This is our review of the pain relief liquid called Arctic Blast. If you're thinking about trying it for musculoskeletal pain and/or nerve pain, this should give you some insight into it.
You might have seen the Arctic Blast website with a presentation about its miraculous benefits. People who are able to live pain free thanks to this formula that's “finally available to the public”.
In this review we will cut through the hype and examine this product with a skeptical eye. It can be hard to verify certain claims made about natural health products but we will try our best.
What Is Arctic Blast Pain Reliever?
It is a topical pain reliever that gets absorbed through your skin. It is marketed for people with all kinds of pain issues, including (but not limited to):
- general muscle and joint pain
- neuropathic pain
- carpal tunnel syndrome
This product is meant to treat pain locally – that is, in the area of your body that it's occurring. Potentially this is one advantage over drugs that treat it systemically like Tylenol, Ibuprofen, or oral prescription drugs.
What Ingredients Are In Arctic Blast?
One of the central claims in their sales presentation is that it uses a “life-changing compound”, which turns out to be dimethyl sulfoxide, or DMSO.
According to Healthline, DMSO was originally discovered as a byproduct of the paper-making process. Scientists learned that it can help pass small molecules through the skin, making it ideal for topical solutions.
Originally it was used for treating inflamed or hardened skin. Since then the medical community has explored how to use it for treating a variety of different indications in humans and animals.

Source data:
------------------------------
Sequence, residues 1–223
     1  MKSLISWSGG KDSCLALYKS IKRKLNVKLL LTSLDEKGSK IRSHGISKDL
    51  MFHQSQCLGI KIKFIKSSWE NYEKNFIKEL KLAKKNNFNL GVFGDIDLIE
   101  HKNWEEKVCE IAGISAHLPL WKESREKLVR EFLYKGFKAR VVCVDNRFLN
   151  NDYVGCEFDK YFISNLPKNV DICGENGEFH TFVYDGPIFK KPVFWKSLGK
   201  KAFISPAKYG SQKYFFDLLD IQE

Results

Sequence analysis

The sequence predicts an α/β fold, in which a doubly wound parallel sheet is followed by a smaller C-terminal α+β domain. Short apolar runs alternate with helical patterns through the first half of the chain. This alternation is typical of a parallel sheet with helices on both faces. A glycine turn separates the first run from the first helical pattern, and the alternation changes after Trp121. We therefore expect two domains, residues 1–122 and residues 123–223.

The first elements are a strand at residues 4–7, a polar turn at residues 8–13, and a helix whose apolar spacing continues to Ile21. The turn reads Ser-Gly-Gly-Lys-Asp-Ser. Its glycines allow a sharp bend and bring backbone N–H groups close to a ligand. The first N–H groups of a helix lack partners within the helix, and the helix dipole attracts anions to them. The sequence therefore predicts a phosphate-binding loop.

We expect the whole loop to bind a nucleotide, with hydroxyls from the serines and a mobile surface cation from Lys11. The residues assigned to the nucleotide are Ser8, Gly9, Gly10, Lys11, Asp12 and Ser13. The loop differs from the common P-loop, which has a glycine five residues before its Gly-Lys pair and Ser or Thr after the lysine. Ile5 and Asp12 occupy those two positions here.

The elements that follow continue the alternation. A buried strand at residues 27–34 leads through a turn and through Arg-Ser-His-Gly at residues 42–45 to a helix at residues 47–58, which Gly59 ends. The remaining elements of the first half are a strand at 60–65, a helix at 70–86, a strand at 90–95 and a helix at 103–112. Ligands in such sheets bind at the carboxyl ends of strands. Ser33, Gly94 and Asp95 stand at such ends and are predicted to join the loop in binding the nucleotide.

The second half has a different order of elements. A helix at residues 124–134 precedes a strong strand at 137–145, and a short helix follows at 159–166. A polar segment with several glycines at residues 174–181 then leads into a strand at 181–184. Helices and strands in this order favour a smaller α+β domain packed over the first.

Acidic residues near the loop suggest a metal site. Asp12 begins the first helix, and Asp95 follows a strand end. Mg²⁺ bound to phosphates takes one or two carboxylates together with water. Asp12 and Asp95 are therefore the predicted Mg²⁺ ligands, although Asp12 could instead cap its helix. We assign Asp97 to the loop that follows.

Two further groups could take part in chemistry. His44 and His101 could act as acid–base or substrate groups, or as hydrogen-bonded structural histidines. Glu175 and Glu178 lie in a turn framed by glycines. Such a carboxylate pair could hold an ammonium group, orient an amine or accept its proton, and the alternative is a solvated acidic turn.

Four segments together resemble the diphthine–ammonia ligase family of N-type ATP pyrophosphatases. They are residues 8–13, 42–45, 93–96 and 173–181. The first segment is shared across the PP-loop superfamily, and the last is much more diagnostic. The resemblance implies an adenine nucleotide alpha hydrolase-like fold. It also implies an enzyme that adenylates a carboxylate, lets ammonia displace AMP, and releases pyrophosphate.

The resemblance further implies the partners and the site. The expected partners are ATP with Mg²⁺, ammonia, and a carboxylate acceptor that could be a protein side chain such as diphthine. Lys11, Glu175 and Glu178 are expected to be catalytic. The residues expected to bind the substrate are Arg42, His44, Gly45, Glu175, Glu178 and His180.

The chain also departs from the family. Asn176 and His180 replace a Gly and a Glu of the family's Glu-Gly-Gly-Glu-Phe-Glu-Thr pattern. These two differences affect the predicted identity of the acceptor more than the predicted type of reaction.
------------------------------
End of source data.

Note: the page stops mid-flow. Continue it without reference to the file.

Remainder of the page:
In the United States, the only FDA-approved use of DMSO is for treating interstitial cystitis (a bladder disease).
At this point, other uses of DMSO – including for local pain relief – are still considered investigational or being studied. The website RXlist does a nice job of summarizing the current understanding of DMSO.
You may be wondering how Arctic Blast can be marketed as a pain relief product when the actual evidence for its active ingredient is insufficient. The answer is that the United States Food and Drug Administration does not review all claims made by health supplements.
What's misleading here is that the FDA has approved the use of DMSO for a certain medical treatment, just not for pain relief. So it is technically true that they use “FDA-approved” ingredients (and we have seen other reviews that promote it as FDA-approved), Arctic Blast is not FDA-approved for pain relief.
Side Effects/Risks: Is DMSO Safe?
There are a range of possible side effects from DMSO. RXList lists the following:
Some side effects of taking DMSO by mouth or applying it to the skin include skin reactions, dry skin, headache, dizziness, drowsiness, nausea, vomiting, diarrhea, constipation, breathing problems, vision problems, blood problems, and allergic reactions. DMSO also causes a garlic-like taste, and breath and body odor.
It's also worth noting that DMSO is sometimes prescribed by a physician. Even though Arctic Blast does not require a prescription, you should still consult your doctor about using it.
Other Ingredients and Additives
The other ingredients include things like menthol, aloe, St. John's wort oil and various other oils. Just like the main ingredient (DMSO), these are all things that may help relieve certain types of neuropathic and musculoskeletal pain, but there isn't enough evidence to be sure.
Conclusion: Should You Purchase Arctic Blast?
Our recommendation: Given the lack of solid evidence for Arctic Blast as a pain reliever, we strongly recommend Mind Body Matrix Pain Relief as a more effective alternative to Arctic Blast. (Plus a portion of proceeds go toward helping veterans… a win-win.)